YSL’s New Declaration – Yves Saint Laurent Manifesto Perfume Review

Jessica Chastain looks good in EVERYTHING, even purple paint...
Jessica Chastain looks good in EVERYTHING, even purple paint…

The stand-alone feminine fragrance is the bread and butter of the designer fragrance world. I personally find it fascinating to see what the big three houses (Chanel, Dior and YSL) will do with their next feminine pillar, as with each release one sees the change in times and tastes, and it seems that change is definitely afoot at YSL. Having recently, under the direction of Hedi Slimane, dropped the “Yves” to become simply “Saint Laurent Paris” the fashion side of the brand looks to move in a new direction and the fragrances may just follow suit.

When I think of YSL (the perfumes will still be marketed under the old name) I think of bold, fearless perfumes such as Opium, Rive Gauche, Paris and Kouros. Yes these fragrances embody the styles of their respective eras but they’ve always seemed, to me at least, to capture the spirit of Yves Saint Laurent the man and the renegade designer perfectly. Recent efforts by the brand however, have failed to live up to the legacy of the classics.

Manifesto, created by perfumes Flipo and Doc Long, is YSL’s first major feminine release since Parisienne in 2009 and whilst that wasn’t exactly a tough act to follow it feels like the pressure is on for YSL to bring out something new and daring. Well, it appears that YSL have sensed this pressure, describing Manifesto as “an attitude, a burst of laughter, a tone of voice, a presence” [1] and “the manifesto of femininity” [2]. Is it really as daring as it seems?

The Notes

Top: Green Notes and Cassis
Heart: Jasmine and Lily-of-the-Valley
Base: Atlas Cedar, Sandalwood, Vanilla and Tonka Bean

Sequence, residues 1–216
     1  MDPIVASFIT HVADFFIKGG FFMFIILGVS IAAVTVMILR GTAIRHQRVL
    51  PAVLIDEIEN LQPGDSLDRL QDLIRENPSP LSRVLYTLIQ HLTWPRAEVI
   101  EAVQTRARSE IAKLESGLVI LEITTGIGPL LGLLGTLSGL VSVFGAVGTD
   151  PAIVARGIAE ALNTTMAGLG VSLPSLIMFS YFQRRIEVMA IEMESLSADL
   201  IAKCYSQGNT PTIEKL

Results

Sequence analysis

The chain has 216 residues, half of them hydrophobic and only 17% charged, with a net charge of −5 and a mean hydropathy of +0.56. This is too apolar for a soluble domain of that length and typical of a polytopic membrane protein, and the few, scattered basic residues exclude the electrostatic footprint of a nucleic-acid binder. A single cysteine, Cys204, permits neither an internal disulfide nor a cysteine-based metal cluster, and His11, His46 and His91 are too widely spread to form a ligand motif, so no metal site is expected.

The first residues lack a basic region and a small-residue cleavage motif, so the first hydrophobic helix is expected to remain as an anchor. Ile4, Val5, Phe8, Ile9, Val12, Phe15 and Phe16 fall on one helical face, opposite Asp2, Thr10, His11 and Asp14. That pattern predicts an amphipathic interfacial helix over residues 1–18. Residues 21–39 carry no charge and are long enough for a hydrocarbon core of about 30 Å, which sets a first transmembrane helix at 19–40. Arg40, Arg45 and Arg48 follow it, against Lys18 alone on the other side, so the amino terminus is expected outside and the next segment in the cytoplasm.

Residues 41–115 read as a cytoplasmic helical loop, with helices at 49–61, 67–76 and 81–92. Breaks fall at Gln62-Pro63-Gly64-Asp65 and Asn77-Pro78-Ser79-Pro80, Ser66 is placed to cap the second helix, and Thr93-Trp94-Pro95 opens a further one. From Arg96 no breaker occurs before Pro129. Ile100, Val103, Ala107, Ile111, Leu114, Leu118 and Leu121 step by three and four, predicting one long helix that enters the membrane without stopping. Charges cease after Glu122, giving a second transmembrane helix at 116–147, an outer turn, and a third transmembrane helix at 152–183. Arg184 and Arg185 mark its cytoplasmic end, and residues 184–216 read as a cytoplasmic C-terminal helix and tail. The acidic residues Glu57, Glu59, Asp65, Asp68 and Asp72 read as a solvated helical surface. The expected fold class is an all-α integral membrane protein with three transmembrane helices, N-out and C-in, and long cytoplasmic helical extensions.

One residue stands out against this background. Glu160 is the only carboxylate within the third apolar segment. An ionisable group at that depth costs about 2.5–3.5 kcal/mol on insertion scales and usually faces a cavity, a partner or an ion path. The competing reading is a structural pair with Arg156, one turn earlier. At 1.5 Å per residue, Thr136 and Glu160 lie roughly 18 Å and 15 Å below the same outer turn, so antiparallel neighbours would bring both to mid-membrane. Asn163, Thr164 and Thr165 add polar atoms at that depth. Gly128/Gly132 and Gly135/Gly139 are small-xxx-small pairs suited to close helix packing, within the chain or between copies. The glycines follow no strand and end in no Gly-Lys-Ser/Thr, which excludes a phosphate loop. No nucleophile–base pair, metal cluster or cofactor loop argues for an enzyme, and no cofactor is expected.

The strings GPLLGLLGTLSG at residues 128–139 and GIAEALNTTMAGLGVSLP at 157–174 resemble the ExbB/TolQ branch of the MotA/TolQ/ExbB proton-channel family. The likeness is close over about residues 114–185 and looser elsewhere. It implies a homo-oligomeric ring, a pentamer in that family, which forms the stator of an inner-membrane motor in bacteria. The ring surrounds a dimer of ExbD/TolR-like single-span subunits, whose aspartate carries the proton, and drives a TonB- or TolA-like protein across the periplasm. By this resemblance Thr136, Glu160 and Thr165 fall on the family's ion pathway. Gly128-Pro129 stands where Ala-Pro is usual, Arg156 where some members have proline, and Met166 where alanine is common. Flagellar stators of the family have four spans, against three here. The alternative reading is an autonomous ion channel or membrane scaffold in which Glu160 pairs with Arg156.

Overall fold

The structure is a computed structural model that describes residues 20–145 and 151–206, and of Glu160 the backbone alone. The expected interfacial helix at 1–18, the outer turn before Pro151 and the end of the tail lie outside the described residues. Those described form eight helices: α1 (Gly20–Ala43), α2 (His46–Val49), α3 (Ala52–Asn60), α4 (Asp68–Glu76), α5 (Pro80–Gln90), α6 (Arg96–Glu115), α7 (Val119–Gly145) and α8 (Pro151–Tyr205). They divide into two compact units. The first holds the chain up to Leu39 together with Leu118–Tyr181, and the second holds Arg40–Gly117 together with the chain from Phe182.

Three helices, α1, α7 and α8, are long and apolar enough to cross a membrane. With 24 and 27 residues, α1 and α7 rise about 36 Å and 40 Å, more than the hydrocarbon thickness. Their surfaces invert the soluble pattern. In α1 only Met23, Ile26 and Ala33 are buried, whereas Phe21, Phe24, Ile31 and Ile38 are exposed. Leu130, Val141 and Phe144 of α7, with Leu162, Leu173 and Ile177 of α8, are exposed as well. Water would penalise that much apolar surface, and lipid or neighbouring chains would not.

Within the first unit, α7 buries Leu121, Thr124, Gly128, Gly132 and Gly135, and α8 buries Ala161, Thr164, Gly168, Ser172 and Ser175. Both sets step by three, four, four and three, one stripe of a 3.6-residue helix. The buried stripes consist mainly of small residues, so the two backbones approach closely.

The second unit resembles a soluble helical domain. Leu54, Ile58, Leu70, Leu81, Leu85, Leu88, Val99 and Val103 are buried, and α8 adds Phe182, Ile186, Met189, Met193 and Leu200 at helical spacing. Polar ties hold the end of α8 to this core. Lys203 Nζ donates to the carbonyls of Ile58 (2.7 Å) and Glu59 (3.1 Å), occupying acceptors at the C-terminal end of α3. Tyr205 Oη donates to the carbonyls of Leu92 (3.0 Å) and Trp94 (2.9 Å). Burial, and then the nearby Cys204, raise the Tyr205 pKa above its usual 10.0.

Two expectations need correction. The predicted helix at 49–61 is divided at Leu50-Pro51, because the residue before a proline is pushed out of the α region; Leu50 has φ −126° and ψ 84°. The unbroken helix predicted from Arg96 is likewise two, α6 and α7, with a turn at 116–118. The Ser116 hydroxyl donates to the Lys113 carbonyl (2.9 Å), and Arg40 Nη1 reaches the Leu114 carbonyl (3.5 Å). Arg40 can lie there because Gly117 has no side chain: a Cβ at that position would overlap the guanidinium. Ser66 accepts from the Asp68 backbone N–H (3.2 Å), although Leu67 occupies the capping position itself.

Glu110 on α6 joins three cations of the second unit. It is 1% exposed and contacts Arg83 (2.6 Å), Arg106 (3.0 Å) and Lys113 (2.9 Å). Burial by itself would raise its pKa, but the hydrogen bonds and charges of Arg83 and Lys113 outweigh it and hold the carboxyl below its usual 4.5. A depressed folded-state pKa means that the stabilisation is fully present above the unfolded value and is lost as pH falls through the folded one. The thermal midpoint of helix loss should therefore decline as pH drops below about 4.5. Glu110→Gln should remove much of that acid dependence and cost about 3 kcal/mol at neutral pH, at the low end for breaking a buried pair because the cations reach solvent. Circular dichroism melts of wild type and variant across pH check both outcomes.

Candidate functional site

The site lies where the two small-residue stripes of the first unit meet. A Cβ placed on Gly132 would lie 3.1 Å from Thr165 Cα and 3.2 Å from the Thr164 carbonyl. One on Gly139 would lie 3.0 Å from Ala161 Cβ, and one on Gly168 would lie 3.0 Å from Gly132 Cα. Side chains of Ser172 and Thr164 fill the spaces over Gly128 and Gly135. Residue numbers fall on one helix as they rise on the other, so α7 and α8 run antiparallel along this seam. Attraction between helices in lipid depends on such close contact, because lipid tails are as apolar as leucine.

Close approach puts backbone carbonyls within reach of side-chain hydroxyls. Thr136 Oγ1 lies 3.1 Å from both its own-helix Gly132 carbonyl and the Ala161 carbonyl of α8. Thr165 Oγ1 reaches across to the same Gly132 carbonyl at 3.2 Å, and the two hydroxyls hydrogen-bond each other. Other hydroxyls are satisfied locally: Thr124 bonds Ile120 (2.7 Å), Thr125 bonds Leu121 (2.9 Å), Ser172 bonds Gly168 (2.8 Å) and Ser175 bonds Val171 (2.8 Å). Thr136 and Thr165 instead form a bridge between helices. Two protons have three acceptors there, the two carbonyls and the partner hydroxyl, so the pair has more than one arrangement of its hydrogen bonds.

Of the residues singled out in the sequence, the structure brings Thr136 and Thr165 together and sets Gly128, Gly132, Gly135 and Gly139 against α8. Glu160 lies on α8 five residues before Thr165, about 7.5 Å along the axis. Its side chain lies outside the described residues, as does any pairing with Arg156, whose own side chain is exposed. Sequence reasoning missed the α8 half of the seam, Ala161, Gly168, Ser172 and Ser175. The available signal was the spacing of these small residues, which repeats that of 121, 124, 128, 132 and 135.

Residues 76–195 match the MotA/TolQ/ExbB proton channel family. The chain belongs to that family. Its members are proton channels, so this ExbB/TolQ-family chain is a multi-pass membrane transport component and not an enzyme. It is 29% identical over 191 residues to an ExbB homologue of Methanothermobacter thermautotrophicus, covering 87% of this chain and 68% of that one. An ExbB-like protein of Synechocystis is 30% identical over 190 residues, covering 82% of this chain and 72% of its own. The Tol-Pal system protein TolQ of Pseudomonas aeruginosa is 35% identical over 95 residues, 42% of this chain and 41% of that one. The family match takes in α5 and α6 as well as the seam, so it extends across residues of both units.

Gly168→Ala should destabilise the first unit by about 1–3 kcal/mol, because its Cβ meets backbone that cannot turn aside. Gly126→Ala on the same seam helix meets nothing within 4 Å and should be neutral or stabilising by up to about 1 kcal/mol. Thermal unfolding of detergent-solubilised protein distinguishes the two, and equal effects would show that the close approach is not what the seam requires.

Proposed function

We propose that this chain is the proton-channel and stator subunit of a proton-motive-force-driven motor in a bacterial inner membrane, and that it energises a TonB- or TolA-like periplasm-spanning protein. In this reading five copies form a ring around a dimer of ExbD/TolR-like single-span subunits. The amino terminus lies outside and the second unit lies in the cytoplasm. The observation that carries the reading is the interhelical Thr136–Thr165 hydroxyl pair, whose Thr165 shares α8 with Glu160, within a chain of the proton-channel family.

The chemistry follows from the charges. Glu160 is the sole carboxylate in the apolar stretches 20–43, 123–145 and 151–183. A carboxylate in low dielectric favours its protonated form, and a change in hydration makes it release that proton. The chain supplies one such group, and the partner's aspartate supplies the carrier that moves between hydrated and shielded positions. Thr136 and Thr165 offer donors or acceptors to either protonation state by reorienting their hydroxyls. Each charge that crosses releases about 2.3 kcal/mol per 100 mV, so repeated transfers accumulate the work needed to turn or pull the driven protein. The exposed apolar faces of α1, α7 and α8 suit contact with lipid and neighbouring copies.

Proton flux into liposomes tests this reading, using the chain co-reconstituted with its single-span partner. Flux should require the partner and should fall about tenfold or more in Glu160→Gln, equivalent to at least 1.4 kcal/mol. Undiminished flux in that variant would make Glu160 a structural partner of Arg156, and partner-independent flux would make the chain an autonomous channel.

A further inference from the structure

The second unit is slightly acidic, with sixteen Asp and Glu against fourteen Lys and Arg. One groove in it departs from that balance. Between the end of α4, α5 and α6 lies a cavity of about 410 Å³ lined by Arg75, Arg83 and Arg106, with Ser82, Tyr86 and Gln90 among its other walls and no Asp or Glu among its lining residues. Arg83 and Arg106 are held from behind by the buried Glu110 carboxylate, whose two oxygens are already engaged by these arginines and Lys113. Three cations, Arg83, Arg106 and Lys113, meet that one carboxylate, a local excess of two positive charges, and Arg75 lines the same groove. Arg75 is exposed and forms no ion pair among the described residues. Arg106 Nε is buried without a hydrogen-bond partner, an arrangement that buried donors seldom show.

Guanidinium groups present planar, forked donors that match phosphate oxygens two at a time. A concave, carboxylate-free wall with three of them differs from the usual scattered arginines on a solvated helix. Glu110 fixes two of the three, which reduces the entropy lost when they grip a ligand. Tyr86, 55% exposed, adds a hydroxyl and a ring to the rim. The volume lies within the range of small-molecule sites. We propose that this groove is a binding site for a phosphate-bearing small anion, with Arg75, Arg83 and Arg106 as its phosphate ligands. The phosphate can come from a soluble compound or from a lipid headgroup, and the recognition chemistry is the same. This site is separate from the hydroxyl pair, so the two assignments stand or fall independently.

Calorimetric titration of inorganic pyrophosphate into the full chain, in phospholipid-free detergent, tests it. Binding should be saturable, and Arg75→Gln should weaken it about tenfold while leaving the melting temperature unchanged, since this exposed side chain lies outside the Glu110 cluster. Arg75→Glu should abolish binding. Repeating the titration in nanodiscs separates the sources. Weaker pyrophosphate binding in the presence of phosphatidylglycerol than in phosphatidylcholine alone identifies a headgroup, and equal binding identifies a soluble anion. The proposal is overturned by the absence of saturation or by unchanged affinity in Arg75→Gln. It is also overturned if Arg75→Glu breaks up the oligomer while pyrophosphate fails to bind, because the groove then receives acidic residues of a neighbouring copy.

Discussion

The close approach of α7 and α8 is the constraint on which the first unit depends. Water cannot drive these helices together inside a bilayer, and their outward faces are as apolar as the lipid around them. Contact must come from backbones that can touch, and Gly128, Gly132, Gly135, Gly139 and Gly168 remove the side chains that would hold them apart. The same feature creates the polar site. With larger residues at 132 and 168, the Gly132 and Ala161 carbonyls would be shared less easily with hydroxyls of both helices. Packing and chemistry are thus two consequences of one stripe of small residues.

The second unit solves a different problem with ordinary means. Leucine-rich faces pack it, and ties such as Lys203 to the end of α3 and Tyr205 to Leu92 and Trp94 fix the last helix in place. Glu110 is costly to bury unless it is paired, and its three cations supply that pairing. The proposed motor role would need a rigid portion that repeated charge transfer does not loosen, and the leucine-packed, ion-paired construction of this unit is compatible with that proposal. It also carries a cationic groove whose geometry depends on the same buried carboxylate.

How Does it Smell?

Manifesto is bright, tart and dewy in the top notes thanks to a generous helping of blackcurrant. One gets a very full impression of the fruit, almost as if the greenery of the bush from which it has sprouted is included along with the juicy, sour berries. There is also a fuzzy, sulphurous quality to the top notes that, whilst being relatively subtle, ensures that Manifesto’s opening isn’t just your typical fruit-by-numbers.

Things turn a little bit more run-of-the-mill as the fruits settles and Manifesto unveils its heart of flowers. This floral heart is your typical impression of flowers; hinting at jasmine, lily, muguet and gardenia but never quite settling on anything specific, instead opting to be vaguely green and vaguely floral. That said there is a strong hint of marzipan that cloaks the flowers giving them a rather lovely gourmand coziness that, whilst not being totally groundbreaking, does give Manifesto a quirky little edge that one doesn’t expect.

Manifesto becomes warmer in the base with a sweet, creamy cocktail of vanilla and tonka bean. There are mere hints of greenery and hay that cut through the sweetness but for the most part it’s all about the vanilla. It’s difficult to feel enthusiastic about a warm, creamy base in a floral fragrance, this style is just so prevalent and Manifesto’s use of this base feels like a bit of a cop out. One can’t help but feel that a drier base, perhaps with rich woods (sandalwood and cedar are listed as notes but they’re AWOL as far as my nose is concerned) and incense would have made for a more interesting fragrance and would have more accurately represented the modern, daring and confident woman that Manifesto intends to evoke.

When you take the olfactory history of YSL into consideration it is no surprise that Manifesto fails to wow, but taken as a perfume in its own right then one has to admit that it isn’t bad at all. YSL may be billing it as “daring” but it’s nothing of the sort (bearing in mind that YSL have already walked the nutty floral path with Cinéma which is infinitely better), nor is it particularly outstanding. It’s hard to interpret what YSL is attempting to say with Manifesto, yes it’s a perfectly palatable warm floral that could be worn by women of any age, but on the other hand it really isn’t daring or bold enough for the brand that gave the world Opium.

I may not be entirely on board with what YSL is saying on this occasion but you betcha bottom dollar that I’m glad they’re still talking.


Manifesto is available in 30ml, 50ml and 90ml Eau de Parfum with prices ranging from £44-£85. Matching body products are also available.


Image 1 via beautyandthedirt.com. Notes and [1] via osmoz.com. [2] via yslbeauty.co.uk. Video via yslparfums on YouTube.